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Author Topic: Comparison of Raspberry Pi 2 vs. Raspberry Pi B+ as Audio Renderer with JRiver  (Read 2711 times)


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So most of the discussion here has focused on running Mediacenter on a Raspberry Pi 2, but I have an extra B+ around, and I was curious how well it would perform as a pure media renderer when compared to a Pi 2.  I had done a few previous unscientific experiments, which suggested that the B+ might play fine, but might be near it's limits.  But that was just based on playing some music and looking at a few realtime read outs, so I figured I could get a better picture with systematic logging.  

So first the test methodology:

A Pi2 and a Pi B+, both setup with the same wi-fi dongle, both running Arch ARM, with the latest version of MC for ARM and a vncserver, both working as clients of the same server, both streaming audio from a hard drive on the server, and both connected to the same model of USB DAC.  Both had a similar number of processes running (the pi 2 actually had a "handicap" of a few extra processes).  The Pi 2 was running stock clocks, and the Pi B+ was overclocked to 1000MHz.  Neither had a screen attached or anyone logged in.  I used gizmo to control them both and started playing the same album (44.1/16 bit FLAC) on both at around the same time.

At the far right of the graph is the CPU usage:

The Pi2 is on the left and the B+ is on the right.   You can see that the Pi2 peaked at about 21% total utilization of one CPU core (system + user), which is effectively only 5% CPU utilization because the system has four cores.  By contrast the B+ peaked at around 87% of its only core.  The B+ is clearly right on the edge, but FWIW I heard no skips on either one with casual listening while passing between them. With higher res material, I would expect that all bets are off.  

You may notice that the scale is different on the two graphs; that represents the fact that the Pi2 has four processors to the B+'s one.  In both cases the top of the graph represents 100% CPU usage, so they're still an apples to apples comparison.  The pi 2 is barely breaking a sweat, while the B+ is hanging on by it's fingernails.

This becomes even more obvious with the load graph:

Again the load in question is on the far right side of the graph.  Here the vertical scale is different, but it's actually a meaningful difference: the graphing tool only goes as high as the highest registered value.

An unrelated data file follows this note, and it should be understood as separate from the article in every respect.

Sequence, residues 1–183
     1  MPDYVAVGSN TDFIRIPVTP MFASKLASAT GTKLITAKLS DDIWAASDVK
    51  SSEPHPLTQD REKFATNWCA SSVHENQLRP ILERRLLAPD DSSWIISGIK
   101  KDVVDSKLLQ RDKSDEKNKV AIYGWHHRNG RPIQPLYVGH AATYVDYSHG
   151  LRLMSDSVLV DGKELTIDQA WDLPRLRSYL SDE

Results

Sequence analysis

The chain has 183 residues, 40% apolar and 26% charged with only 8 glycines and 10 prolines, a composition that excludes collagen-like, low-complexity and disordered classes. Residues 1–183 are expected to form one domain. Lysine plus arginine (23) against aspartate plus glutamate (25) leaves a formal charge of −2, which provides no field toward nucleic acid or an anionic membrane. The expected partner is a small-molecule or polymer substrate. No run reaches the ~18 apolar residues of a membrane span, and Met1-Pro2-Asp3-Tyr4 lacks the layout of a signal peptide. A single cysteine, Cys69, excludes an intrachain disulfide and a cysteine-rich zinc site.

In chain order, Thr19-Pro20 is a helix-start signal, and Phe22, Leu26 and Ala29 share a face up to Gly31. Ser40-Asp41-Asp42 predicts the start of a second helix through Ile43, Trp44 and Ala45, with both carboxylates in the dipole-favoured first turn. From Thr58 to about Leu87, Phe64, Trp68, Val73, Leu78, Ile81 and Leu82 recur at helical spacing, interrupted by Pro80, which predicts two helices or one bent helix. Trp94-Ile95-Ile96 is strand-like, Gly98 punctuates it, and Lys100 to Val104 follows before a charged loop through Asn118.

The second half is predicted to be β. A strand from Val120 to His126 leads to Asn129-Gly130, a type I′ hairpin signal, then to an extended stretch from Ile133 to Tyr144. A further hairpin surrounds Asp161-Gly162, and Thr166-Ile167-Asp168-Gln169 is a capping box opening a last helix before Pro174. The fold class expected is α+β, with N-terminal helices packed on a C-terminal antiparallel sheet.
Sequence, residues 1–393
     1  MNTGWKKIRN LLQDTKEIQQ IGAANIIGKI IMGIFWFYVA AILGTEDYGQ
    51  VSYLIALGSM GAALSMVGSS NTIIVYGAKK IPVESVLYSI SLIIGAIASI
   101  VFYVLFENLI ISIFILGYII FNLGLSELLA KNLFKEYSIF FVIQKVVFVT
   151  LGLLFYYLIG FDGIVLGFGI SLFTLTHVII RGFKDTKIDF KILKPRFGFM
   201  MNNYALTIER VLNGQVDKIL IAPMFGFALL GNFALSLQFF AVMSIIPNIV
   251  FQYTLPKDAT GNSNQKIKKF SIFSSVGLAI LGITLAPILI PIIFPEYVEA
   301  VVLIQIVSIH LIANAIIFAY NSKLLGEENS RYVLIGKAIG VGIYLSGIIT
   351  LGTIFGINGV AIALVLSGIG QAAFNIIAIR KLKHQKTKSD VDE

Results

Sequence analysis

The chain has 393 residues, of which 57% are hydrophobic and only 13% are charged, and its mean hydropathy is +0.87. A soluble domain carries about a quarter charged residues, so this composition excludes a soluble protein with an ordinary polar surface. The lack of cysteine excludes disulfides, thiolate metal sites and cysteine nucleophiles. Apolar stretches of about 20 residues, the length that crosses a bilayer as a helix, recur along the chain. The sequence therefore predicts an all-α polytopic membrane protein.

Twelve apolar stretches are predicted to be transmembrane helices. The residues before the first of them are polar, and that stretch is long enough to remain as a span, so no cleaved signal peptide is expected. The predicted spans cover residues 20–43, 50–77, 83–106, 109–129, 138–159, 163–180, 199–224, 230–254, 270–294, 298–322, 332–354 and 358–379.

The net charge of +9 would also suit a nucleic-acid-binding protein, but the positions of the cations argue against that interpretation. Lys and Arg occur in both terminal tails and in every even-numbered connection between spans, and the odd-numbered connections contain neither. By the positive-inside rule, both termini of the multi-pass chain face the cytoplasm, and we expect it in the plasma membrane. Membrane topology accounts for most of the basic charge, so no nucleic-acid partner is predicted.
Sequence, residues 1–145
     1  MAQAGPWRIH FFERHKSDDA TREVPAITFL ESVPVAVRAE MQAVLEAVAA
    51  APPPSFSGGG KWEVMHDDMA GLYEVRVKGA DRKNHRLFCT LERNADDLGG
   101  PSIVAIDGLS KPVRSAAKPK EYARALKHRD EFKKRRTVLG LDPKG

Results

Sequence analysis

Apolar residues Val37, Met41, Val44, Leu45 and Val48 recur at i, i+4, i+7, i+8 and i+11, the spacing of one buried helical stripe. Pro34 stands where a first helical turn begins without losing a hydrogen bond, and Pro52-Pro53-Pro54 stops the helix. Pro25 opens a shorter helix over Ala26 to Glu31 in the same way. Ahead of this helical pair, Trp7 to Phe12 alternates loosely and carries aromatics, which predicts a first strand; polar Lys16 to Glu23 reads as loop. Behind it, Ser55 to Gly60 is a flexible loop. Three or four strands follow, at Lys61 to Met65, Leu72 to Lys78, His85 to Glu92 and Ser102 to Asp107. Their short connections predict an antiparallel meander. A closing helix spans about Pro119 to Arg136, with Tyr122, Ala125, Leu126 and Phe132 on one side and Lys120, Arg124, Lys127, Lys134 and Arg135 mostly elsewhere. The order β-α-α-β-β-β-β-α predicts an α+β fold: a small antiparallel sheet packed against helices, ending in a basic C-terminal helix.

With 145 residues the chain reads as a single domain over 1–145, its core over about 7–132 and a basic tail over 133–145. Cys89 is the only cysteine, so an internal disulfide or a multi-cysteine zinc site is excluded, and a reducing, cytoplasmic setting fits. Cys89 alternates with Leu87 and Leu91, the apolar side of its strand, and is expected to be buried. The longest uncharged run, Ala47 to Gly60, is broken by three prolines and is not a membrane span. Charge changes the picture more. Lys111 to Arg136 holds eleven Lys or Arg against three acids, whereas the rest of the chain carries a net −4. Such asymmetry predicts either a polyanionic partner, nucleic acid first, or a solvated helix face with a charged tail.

For folks unfamiliar with Linux load figures , the load represents the number of processes waiting for a processor at any given second.  If the load number is less than the number of processors, you're fine.  If the load number is higher than the number of processors, then things are getting backed up.  You can see that the Pi 2 never gets above .5; with 4 processors that's barely breaking a sweat.  The B+, though, is stuck near 2 with only one processor which means it's at risk of falling behind (I'm frankly surprised that I didn't hear any dropouts with a load like that).

Memory usage was similar in absolute terms (but the B+ has less to go around):

The amount of information Linux provides about RAM usage is dizzying, but the important part of the graph is the Green part at the far right side of the graph (or the "current" reading next to apps int he legend).  You can see that it's roughly the same on both, about 230MB of RAM eaten up by programs, with the rest taken up by various caches.  You can see that the Pi 2 is using a little more memory during playback, but it also has tons more to use.  The B+ doesn't have a lot of room to grow if you do something memory intensive (like fast scrolling through thumbnail lists in gizmo).  Linux doesn't handle memory allocation the same way other OS's do, and I've successfully crashed Pi's by making unmeetable memory demands (especially if you don't have a swap file/partition).

So my original impression of the B+ with MC wasn't far off; it's really hanging on by a thread. But it's also encouraging how easily the Pi2 handles renderer duties.  If anyone is interested in any other graphs, I can provide a few more, but these were by far the most interesting.

All graphs courtesy of Munin.
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